A job for life is a rare thing – if it even still exists. You’ll probably move jobs a few times, and deal with changes within your role and company. You’ll learn new things, and could even end up in a career you’d never considered. Being adaptable will help you make the best of whatever twists and turns you face.
Stuck in a rut
If you think it’s time for a change, it helps to work out why you feel that way.
Are you unhappy or bored with the job itself? Is it the company you work for that you don’t like? Is there anything you can do to change things at work? Try talking to your boss about flexible hours, or picking up a new project. Ask about career progression opportunities if that’s what’s making you unhappy.
Give yourself time to make your decision.
Five things to consider when you’re changing your career
Making a big change can be scary. As well as indentifying your transferable skills, these five things will be important factors as you make your decision. The more research you do, the more likely you are to end up in the right place:
What’s it really like?
Changing careers can be a big culture shock. Talk to someone already working in the industry and find out what it’s like.
A job that plays to your strengths will be more enjoyable. Try the Strengths quiz in your account for suggestions of careers which might suit you.
Will you need to take a pay cut? Think through the effect change will have on your finances.
What’s the future looking like in this industry? The information in our job profiles could help.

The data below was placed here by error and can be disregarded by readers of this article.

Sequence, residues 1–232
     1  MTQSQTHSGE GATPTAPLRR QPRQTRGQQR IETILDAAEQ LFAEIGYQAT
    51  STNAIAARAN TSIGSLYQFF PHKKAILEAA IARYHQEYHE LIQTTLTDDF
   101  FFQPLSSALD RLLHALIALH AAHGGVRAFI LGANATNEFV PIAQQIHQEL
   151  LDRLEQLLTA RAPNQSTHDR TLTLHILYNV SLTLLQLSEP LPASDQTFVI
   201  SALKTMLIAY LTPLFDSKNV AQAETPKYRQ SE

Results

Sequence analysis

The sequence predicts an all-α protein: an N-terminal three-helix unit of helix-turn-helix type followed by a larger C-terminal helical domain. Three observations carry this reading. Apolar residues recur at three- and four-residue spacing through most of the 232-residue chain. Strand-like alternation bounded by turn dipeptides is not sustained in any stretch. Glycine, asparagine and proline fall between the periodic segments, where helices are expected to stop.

Changes in your current job
Change can also happen while you’re employed. You could find yourself working on different projects or contracts, moved between teams, or given responsibility for a particular task.
Most of the time these changes should fit within the duties noted in your job description. If there’s a change to your employment contract, your employer needs to ask for your agreement.
If your company is being taken over, or restructuring is taking place, your employer must consult with you. If there’s a trade union in your workplace, they should be kept informed about what’s happening.
If you’re struggling with changes, remember it’s ok to ask questions. Talk to your manager and colleagues and make sure you know what’s expected of you. Union members can approach a trade union representative. Your workplace might have an employee board or feedback system as a way to share your concerns.
Translator Joan found that being able to work from home with flexible hours suited her when she returned to work after having children.
Alexander went back to university to change his career, and now works in Stirling Castle guiding visitors.
Find out about both of their jobs in the videos.
There’s no longer a default retirement age, so what you do as you reach the end of your career is up to you. There’s plenty to consider as you decide when to stop work, and what you’ll do next.
Your finances are one of the key concerns. We found some useful online resources which might help:
- The Gov.UK site is your first stop for information on the State Pension, planning your retirement income, and early retirement. You can also find out what to do if you’re retiring abroad
- Citizen’s Advice has lots of helpful information, including a checklist of things to do as you near retirement
- The Pensions Advisory Service has free information, advice and guidance
- Age UK has a useful guide on planning for retirement
- The Money Advice Service has information about pensions
- HMRC has information about tax and National Insurance after you reach State Pension age
The move from full-time work to retirement is a huge change, so you might also want to consider how you do it. Some employers offer phased retirement. Using some of your new-found free time to take up a course, hobby or volunteering might also suit you.